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Editor’s Note: This is the fourth and final in a series for the Art Trail Hub Crawl, which takes place May 28-29.

As artists, we do personal work. The annual studio and gallery tour of the Chautauqua Lake Erie Art Trail is an opportunity to visit places where we live and create. We find inspiration in one of New York State’s most beautiful and scenic areas. As you travel to visit us, see what we see every day – verdant vineyards and fields, lush forests, rolling hills and dramatic shorelines along Lakes Erie and Chautauqua.

Using the camera of your mobile phone, take a picture of this QR code to find our website with an interactive map and artists.

There are 24 artists on the North Shore Arts Alliance Art Trail Hub Crawl.

Today we will present six artists.

By Karen Glosser

≤ Lisa Ann Eppolito (Wayfaring Potter Hub – Fredonia) — I make functional, wood and soda pottery. There are central understandings about process and environment, which I place in the objects I make. I create vessels that take into account the process of cooking with wood. Firing pottery in a wood-fired kiln produces distinctive results, both controlled and uncontrolled. I recognize the atmosphere of the kiln, using flashing glazes and engobes that interact with the molten wood ash. Wood ash vitrifies and produces a natural glaze. Therefore, my shapes aim to encourage subtleties such as catching wood ash deposits and inducing blinking. I observe how the container and the flame talk to each other, capturing information on the surface.

≤ Melissa Meyers (Bemus Point Hub – Bemus Point) – Melissa’s passion for art is one that enjoys exploring new ideas, new media and using materials in ways they were not intended for. Sometimes even with good results. His inspiration is found primarily in nature, which abounds in Chautauqua County. She works with traditional mediums, as well as alcohol inks, photography and mixed media. She graduated from Buffalo State College with a degree in design and learned to transfer her skills to digital when art started moving to new platforms.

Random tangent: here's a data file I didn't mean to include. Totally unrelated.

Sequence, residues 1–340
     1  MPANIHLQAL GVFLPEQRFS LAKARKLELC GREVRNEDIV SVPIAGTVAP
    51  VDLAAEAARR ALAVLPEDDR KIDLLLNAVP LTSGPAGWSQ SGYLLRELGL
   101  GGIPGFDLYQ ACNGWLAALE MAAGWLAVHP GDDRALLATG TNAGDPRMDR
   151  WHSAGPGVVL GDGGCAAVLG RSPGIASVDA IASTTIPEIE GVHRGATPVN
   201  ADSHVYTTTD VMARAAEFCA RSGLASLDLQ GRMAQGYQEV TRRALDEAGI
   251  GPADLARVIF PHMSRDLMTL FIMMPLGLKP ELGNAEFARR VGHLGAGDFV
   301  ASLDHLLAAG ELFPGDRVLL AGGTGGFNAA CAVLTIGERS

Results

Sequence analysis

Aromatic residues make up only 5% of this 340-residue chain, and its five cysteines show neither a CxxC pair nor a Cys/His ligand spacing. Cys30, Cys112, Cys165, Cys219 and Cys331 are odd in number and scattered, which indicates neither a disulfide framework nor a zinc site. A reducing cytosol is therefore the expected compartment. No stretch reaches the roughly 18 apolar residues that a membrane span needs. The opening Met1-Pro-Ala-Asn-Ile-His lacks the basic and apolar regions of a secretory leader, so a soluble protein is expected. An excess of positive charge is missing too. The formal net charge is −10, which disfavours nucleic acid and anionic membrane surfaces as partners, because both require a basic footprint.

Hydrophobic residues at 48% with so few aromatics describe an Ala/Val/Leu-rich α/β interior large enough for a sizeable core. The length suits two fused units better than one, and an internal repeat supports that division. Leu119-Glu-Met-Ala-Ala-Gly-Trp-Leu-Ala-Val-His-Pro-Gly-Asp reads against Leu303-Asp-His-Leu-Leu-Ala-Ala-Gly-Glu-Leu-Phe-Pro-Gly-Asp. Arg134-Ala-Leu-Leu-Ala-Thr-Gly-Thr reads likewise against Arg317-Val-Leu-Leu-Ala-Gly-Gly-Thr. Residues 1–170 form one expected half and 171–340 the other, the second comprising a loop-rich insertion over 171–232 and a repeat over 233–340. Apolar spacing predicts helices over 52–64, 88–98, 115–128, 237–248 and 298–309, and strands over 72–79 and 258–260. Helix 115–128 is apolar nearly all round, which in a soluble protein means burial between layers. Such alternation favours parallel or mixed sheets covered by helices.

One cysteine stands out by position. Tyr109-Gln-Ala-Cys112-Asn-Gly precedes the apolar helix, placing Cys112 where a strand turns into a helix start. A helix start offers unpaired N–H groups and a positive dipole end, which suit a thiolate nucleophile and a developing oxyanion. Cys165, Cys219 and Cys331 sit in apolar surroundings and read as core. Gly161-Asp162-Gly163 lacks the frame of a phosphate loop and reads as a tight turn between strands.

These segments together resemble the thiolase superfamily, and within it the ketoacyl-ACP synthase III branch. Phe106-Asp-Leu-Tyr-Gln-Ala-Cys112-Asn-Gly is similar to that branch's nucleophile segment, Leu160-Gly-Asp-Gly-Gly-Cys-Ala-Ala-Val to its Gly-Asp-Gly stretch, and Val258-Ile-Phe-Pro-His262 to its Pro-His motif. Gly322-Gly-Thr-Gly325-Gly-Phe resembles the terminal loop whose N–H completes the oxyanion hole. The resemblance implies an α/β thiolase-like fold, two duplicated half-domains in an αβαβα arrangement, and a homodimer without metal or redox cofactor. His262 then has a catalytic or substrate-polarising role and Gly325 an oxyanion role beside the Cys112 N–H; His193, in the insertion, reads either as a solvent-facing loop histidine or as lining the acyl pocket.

≤ Marcia Merrins (Kniti Griti Works Hub in Fredonia) – Marcia carves a wonderful menagerie of wood-fired and raku animal pieces, from hippos to elephants, that are fun and collectible. This Indian rhino has been accepted into the Spring 2021 show at the Erie Art Museum. Marcia also creates iconic pieces that have an original theme, including bright and sassy pieces. “footed bowls”.

She is drawn to fantasy and her work reflects what she finds in contemporary footwear and clothing. Fairy houses are new to the studio and adorable.

Thomas Annear (Thomas Annear Art – Fredonia) — Adventure meets quiet contemplation in my paintings. From the snow-capped peaks of the Tetons to the ancient forests of western New York, his paintings capture the grandeur and beauty of the American landscape. With a Bachelor of Fine Arts in Painting from the Mason Gross School of the Arts at Rutgers University, my career has evolved over the years from political and abstract pieces to paintings focused on contemporary uses of the environment. . For nearly twenty years I have sought to capture the unique geography, weather and natural resources of Western New York through my plein air paintings.

By Thomas Annear

Karen Glosser (Portage Hill Gallery Hub – Westfield) — Photographer Karen Glosser is inspired by the awe and wonder of nature and spends much of her time exploring this wonder here in her home state of western New York. Karen’s work centers around the idea of ​​using her camera to create painterly images that capture the essence and emotion of those outdoor moments. She can often be found exploring her muses, the many lakeshores and woods of Chautauqua County. Karen’s most recent work has been creating fresh new imagery for three of her long-running series: Water, Woodlands and Wanderings and Winter Dreams.

Nancy Nixon Ensign (Kniti Griti Works Hub – Fredonia) — Knowing the isolation and loneliness during the 2020 pandemic, I find the lure of assemblage over sparse landscapes a way to convey my story to the viewer. Social distancing provides a reflection of my unspoken inner voice. Creative studio work is appetizing for introverts. The historic and sometimes abandoned homes of Chautauqua County provide wild architectural landscapes that call out to be painted with relevance with isolated figures.

By Marcia Merrins

By Lisa Ann Eppolito

By Melissa Meyers

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